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It was a costly detour, but long-distance marketers are returning to traditional brand-building efforts after 18 months of running up enormous ad spending on a bevy of alternative, "dial-around" services.

The return to basics comes as a few new key players like Qwest Communications International boost spending. This foreshadows rising competition in the $80 billion overall long-distance market, split about evenly between consumer and business.


When local and regional telecommunications companies start to offer long-distance services and long-distance providers move into local markets, they will look more and more alike. "When that happens, the brand will be a key differentiator," says Jeffrey Kagan, an Atlanta-based telecommunications industry analyst.

AT&T Corp., MCI WorldCom and Sprint Corp. are already pouring millions into advertising campaigns aimed at rebuilding loyalty, unifying long-distance, intra-state, digital cellular and Internet services in images rooted in reliability, service and value.

But the recent foray into dial-around services shows how quickly a new service can grab the marketing spotlight.

The dial-arounds began in 1997 when small, nimble players marketed discount long-distance services, urging callers to bypass direct-dial brand carriers by dialing multi-digit codes. A cacophony of 30-second TV spots used imagination-stretching gimmicks to get people to remember one set of dial-around numbers over another.

MCI WorldCom quickly amassed its own suite of dial-arounds, spending $274 million on three services -- 10/10/220, 10/10/321, and 10/10/9000, a dial-around directory service.

A battery of other companies plied their dial-around wares, but Sprint, the nation's No. 3 consumer long-distance marketer, opted to skip the battle after briefly testing a dial-around.


AT&T stood still for months before launching in October its 10/10/345 service that it branded Lucky Dog Phone Co. AT&T backed Lucky Dog with $26.8 million in media in the fourth quarter, 1998.

"AT&T used its traditional strategy of killing the market by participation; when the market leader came in with huge spending power, it effectively neutralized the dial-around market," says Brian Adamik, a telecommunications analyst and senior VP at Boston-based Yankee Group.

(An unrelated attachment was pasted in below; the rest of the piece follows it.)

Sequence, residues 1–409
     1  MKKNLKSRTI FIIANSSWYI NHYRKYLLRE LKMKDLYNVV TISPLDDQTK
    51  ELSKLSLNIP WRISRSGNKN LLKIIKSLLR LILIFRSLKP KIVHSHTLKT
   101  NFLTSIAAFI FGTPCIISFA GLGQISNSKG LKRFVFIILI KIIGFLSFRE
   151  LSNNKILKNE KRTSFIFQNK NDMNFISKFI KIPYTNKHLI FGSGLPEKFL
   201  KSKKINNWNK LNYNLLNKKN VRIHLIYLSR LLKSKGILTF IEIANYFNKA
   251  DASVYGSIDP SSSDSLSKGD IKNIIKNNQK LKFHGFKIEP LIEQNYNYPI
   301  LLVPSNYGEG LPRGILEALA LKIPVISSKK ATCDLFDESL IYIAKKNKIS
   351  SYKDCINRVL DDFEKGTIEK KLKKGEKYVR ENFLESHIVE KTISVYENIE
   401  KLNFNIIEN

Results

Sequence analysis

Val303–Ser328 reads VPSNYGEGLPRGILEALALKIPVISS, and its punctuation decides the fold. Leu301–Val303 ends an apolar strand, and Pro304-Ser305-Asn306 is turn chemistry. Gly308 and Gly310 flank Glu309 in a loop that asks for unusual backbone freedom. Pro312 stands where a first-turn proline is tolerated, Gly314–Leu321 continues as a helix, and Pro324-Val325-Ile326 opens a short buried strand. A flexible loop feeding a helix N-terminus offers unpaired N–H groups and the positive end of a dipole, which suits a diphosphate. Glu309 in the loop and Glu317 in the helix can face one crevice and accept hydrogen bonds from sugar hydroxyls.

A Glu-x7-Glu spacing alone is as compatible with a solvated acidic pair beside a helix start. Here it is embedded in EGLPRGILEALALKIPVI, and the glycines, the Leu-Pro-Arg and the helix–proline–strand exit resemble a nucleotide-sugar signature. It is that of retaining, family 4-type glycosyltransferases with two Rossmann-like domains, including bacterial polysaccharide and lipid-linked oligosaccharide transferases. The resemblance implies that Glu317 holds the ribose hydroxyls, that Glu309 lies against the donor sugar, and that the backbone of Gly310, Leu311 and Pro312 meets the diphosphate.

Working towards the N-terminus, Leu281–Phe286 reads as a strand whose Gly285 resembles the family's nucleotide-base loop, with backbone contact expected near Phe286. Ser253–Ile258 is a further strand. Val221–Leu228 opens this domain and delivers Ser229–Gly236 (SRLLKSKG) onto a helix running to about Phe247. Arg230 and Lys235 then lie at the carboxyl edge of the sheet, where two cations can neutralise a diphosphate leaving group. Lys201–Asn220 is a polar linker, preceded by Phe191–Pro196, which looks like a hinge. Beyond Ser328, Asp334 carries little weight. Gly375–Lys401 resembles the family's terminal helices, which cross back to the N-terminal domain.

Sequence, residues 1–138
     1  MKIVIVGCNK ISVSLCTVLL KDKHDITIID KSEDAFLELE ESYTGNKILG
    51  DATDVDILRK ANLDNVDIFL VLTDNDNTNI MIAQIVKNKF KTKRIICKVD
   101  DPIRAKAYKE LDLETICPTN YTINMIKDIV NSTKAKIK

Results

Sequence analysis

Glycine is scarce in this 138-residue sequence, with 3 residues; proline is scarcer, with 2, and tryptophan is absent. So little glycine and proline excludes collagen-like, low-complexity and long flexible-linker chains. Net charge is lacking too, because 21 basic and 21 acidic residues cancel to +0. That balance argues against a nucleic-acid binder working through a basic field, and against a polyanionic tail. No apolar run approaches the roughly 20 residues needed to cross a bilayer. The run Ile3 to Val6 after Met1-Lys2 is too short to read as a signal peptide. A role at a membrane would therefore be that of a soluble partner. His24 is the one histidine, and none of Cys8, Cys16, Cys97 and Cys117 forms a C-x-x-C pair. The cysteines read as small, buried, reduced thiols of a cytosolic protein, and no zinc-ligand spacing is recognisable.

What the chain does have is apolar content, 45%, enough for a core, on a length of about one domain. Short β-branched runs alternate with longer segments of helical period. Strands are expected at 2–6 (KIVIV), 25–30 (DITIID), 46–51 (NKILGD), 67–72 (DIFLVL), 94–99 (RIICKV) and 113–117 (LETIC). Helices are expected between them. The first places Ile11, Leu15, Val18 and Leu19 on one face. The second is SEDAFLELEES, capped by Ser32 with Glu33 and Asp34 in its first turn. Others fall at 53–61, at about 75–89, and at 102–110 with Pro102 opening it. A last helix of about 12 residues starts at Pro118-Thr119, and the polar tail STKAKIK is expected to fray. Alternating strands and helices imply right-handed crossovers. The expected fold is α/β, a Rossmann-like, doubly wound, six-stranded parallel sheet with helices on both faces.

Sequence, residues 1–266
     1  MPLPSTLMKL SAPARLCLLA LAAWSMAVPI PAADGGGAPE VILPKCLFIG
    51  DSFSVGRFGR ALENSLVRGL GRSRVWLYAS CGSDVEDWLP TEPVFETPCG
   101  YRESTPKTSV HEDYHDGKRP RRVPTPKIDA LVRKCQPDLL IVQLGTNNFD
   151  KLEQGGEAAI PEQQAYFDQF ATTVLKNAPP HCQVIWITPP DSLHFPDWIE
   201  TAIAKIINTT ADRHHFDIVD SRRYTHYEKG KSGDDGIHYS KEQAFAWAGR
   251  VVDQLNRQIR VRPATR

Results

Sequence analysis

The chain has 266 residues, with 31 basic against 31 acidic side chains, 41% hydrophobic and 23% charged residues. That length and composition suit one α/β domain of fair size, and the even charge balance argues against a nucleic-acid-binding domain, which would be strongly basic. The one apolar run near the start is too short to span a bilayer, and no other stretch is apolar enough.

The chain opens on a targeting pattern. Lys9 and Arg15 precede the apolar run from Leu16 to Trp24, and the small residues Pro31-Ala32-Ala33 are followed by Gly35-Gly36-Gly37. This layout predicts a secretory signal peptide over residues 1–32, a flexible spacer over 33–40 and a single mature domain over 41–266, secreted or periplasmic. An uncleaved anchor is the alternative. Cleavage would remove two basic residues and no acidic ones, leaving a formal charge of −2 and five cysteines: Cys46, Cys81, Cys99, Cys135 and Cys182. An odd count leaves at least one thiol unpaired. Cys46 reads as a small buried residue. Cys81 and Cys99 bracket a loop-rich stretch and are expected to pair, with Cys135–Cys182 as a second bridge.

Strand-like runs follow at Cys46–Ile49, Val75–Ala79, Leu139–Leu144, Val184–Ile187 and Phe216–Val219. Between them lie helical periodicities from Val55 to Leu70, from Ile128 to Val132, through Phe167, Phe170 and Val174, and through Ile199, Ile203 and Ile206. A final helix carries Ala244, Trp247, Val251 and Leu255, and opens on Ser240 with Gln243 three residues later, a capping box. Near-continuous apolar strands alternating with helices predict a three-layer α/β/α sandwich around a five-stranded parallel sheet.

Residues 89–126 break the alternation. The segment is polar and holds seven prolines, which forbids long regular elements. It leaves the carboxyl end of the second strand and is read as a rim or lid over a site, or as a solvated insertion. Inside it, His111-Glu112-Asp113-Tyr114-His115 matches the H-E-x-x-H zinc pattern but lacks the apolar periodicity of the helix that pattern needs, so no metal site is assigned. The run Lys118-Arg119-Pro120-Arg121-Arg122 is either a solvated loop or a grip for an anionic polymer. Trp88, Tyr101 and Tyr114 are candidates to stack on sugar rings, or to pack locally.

Dial-around services are still alive, but the long-distance industry has metamorphosed yet again. The new direction began this year when MCI WorldCom and Sprint offered nickel-a-minute deals at selected times to get consumers interested in switching carriers again.

MCI WorldCom debuted five-cent Sundays last spring; Sprint followed in June with "Nickel Nights," giving consumers the five-cent minute rate on nights and weekends as long as they paid regular rates, averaging 10 cents a minute, during regular hours.

Sprint claims its unwavering commitment to offering consumer value has built strong loyalty among its customers: "We made the decision we shouldn't pretend to be someone else and offer 10-10 numbers; we only want to give people good value and we feel it's paid off," says Greg Field, director of domestic marketing.


Sprint's move propelled MCI WorldCom to expand its own deal in August, extending the nickel-a-minute rates from Sundays to week nights and weekends using network TV spots with spokesman Michael Jordan.

AT&T reacted late last month with its new One Rate 7 Cents plan, in which consumers pay $5.95 a month or switch to AT&T for intra-state calling and pay $4.95 to get the new lower rate 24 hours a day.

The Big 3 aren't alone in these deals. IDT Corp. is preparing a 5 cents a minute at any time plan with a flat monthly fee of $3.95, and Qwest offers a flat-rate, 5-cent plan that carries a $9.99 monthly fee that must be charged to a credit card.


Analysts say the five-cent wars have kicked the long-distance industry back to life, while driving ad efforts toward brand building. "All this advertising by the big three hasn't really changed the market-share dynamics," Mr. Kagan says.

Although long-distance marketers say they have high hopes for offering bundled (cellular, Internet and local plus intra-state) services in the near future, so far efforts to convince consumers to opt for one plan for all services, like AT&T's Personal Network, have not clicked.

"Bundling doesn't work because there is no streamlined package that serves everyone's needs yet; until AT&T figures out a better way to bundle its services it won't be spending a lot of money promoting its Personal Network," contends

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